By Pritha Sarkar
PARIS (Reuters) - Angelique Kerber discovered that being the newest member of the grand slam winner's club did not earn her any free points as the Australian Open champion succumbed to a 6-2 3-6 6-3 first-round defeat by Kiki Bertens at the French Open on Tuesday.
The German third seed's first grand slam match since triumphing at Melbourne Park in January ended in pain and despair as a shoulder injury prevented her from making much impact against hard-hitting Dutchwoman Bertens.
Kerber stepped on court wearing a striking black and white outfit but over the course of the next hour and 41 minutes, her mood had turned as grey as the dark clouds hovering over Roland Garros.
"I'm disappointed that I lost the first round here...that was for sure not my best tennis I played today," the dejected 28-year-old, who took a medical time out in the third set, told reporters.
"I tried to fight but she played good then in the important
The result completed a hat-trick of losses for Kerber, who suffered back-to-back defeats in her opening matches in Madrid and Rome.
The clay court season which had started so promisingly for the 28-year-old when she captured the title in Stuttgart, ended with a whimper on a cold, overcast day in front of rows of empty seats on Philippe Chatrier Court.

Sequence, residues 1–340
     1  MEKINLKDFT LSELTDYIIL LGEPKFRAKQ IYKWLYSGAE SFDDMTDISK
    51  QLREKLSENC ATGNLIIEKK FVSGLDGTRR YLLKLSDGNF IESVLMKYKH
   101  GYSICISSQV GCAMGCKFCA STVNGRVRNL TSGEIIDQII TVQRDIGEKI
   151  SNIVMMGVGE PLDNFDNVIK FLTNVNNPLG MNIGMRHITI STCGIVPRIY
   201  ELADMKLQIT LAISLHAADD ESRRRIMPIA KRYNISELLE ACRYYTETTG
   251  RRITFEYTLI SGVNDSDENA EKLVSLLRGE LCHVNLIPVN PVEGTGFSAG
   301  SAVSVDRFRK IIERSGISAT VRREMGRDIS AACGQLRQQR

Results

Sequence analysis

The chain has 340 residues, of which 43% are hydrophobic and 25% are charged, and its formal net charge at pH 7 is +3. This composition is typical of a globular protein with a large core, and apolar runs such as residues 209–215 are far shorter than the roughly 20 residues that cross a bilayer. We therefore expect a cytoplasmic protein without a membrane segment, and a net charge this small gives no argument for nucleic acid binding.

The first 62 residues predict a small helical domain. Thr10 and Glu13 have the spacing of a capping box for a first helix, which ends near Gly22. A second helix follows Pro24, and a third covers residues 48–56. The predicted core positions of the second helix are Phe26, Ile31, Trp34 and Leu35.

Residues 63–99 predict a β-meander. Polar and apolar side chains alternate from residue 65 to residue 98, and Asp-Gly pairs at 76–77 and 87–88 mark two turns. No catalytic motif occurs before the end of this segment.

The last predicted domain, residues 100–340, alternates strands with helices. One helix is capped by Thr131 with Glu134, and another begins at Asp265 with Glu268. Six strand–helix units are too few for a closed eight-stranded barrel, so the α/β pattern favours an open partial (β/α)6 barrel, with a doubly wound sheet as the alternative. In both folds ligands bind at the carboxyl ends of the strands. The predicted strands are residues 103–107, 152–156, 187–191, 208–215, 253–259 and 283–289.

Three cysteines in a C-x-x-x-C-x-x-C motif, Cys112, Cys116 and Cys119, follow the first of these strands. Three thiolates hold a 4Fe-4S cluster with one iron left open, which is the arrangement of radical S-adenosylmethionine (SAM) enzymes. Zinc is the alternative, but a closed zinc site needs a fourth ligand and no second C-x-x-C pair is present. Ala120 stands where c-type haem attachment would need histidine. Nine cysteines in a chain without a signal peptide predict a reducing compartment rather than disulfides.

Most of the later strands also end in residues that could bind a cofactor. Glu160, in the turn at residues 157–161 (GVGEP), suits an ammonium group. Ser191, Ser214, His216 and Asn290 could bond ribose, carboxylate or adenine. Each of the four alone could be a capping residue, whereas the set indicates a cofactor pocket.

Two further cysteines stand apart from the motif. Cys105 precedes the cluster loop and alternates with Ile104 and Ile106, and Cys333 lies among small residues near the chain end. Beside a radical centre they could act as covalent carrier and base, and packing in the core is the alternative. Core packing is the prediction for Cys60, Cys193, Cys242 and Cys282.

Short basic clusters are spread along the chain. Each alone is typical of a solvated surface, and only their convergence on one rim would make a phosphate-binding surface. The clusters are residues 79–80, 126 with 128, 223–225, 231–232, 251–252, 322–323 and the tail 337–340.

The absence of spectators in the 15,000-seater arena mattered little to Bertens who blindsided her opponent with some ferocious ground strokes in the opening set.
While Kerber staged a comeback in the second, she struggled to get her shoulder moving in the third set and went off court for treatment when trailing 3-0.
"I start feeling the pain in the second set. It was getting worse and worse," Kerber said.
The unscheduled break failed to revitalise her, however, and after saving two match points, Kerber surrendered her title hopes with an ill-judged dropshot that failed to clear the net.
World number 58 Bertens, who won the Nuremberg title at the weekend, will next play either French wild card Alize Lim or Italian Camila Giorgi.
(Editing by Ed Osmond)